The menace of ghost netting

Green Party member Nick Bowett raises awareness of the disastrous consequences of abandoned fishing gear in the world's oceans and what can be done about it.

Ghost gear

Mstelfox (CC BY-SA 4.0)

Nick Bowett

Ghost gear is loose fishing gear which has been lost, voluntarily abandoned or dumped at sea by fishermen, and invariably goes on to maim and kill marine wildlife for no justifiable reason.  It is the deadliest form of plastic pollution in our oceans, so environmentalists should see avoiding its creation and clearing it up as a priority. Agreeing a strong global oceans treaty at the United Nations will take us a step closer to solving the problem of ghost gear.   

Ghost gear comprises 10 per cent of the world’s ocean plastic waste, and it takes centuries for it to disintegrate. Currently, over 600,000 tonnes of fishing gear are lost, voluntarily abandoned or dumped in the oceans every year. Marine creatures such as whales, turtles or dolphins swim into ghost netting – which leads to lacerations, infections, starvation, suffocation or a combination of the above. As well as killing ocean wildlife, ghost fishing gear threatens general food security and the livelihoods of millions around the world who depend on the oceans as a source of food.

A further danger of ghost nets is the fact that they shed microplastics as they disintegrate. Phytoplankton, which are microscopic plants found in the ocean, play a role in the process of sequestering carbon dioxide from the atmosphere via photosynthesis. Leading scientists are concerned that microplastics significantly interfere with this process, thereby worsening climate change by lessening the ocean’s ability to absorb and hold carbon dioxide.  

The United Nations Convention on the Law of the Sea (UNCLOS) and the International Convention for the Prevention of Pollution from Ships (MARPOL) are key international conventions which tackle the problem of ghost gear. For example, the latter (which came into force in 1988) bans plastic disposal at sea and requires ports and terminals to provide waste disposal facilities for ship waste. Unfortunately, even within the territories of countries that have signed up to agreements which address the problem of ghost gear, large amounts of fishing gear are still lost, voluntarily abandoned and sometimes dumped at sea, so, in some ways, the current agreements don’t go far enough to address the problem.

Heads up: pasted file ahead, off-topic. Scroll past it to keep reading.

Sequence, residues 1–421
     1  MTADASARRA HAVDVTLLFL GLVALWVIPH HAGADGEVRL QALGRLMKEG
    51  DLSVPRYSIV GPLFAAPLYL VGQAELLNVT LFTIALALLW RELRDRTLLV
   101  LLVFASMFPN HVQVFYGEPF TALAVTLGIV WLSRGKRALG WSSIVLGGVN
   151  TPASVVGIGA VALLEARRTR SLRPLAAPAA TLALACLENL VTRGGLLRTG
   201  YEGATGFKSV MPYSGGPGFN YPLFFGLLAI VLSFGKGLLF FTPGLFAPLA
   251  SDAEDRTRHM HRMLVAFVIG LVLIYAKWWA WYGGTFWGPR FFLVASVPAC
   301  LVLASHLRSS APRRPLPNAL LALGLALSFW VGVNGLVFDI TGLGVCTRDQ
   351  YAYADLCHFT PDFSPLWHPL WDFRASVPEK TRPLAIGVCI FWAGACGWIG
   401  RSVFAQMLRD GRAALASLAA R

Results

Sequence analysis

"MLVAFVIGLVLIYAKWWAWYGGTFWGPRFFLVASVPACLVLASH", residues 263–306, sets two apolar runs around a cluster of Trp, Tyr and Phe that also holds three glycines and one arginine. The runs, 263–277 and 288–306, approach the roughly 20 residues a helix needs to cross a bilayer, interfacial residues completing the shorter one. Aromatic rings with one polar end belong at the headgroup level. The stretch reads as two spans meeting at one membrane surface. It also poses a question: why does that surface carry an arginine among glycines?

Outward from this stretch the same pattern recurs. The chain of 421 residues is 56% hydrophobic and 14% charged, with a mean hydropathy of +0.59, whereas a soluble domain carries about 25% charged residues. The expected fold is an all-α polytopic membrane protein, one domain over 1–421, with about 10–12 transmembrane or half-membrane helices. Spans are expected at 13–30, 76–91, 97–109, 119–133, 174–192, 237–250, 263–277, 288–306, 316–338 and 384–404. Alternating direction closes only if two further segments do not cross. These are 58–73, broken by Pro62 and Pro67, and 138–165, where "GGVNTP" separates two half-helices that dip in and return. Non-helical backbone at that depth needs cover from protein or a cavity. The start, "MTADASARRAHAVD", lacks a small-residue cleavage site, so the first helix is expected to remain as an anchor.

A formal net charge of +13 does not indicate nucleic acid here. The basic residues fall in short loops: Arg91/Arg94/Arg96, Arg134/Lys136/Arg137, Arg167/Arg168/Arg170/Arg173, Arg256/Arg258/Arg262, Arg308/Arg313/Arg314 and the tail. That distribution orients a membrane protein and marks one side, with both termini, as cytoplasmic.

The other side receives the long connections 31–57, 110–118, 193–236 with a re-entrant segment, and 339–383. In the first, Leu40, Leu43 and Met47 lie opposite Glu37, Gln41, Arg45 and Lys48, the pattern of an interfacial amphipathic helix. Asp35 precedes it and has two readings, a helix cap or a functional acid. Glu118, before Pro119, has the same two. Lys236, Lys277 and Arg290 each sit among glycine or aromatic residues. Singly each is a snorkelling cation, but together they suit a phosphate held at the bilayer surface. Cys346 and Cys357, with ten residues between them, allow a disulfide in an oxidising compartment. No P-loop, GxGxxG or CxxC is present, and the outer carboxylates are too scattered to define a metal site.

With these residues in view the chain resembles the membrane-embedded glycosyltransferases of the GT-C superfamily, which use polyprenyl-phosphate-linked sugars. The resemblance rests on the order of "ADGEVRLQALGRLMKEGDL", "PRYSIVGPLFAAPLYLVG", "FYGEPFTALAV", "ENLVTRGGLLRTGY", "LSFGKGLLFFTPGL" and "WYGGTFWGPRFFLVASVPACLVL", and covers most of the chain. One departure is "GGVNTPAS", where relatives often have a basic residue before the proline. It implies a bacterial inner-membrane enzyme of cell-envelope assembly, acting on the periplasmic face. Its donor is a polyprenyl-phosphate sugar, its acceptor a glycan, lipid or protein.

Recently, productive steps have been made on the international stage towards dealing with the ghost gear issue. Earlier this year, G7 countries agreed to step up international action to address the scourge of ghost gear.  They agreed to support various organisations such as the Ghost Gear Initiative and to consider the recommendations of the report: ‘Towards G7 Action to Combat Ghost Fishing Gear’. This is a comprehensive UK-commissioned report which looks at the best practices to address the problem. Helpful recommendations in the report include: mandatory marking of fishing gear which helps prevent loss of fishing gear and assists in recovery if lost, improving fishing gear disposal facilities and developing reporting and retrieval policies.  

Within the UK, the Marine Management Organisation (MMO) makes the reporting of lost fishing gear mandatory and instructs fishermen to mark their gear appropriately.  Responsibility starts at home, so we need to ensure all UK fishermen accord with the rules set out by the MMO. In my opinion, enforcement should be strengthened by increasing fines for dumping (as this is a particularly heinous form of litter) or failing to report the loss of fishing gear at sea. Creative thinking and innovative technologies could make the UK a leader at preventing the creation of ghost gear by providing a blueprint for the rest of the world.  

Getting to grips with the issue of ghost netting will not only allow marine life to swim through our oceans unharmed, it will also support people who depend on the ocean as a source of food and enhance global food security. We need to be aware of the consequences of losing, voluntarily abandoning or dumping fishing gear, so that we can urge our governments to address the problem with gusto and sign up to new, more dynamic international agreements when they arise.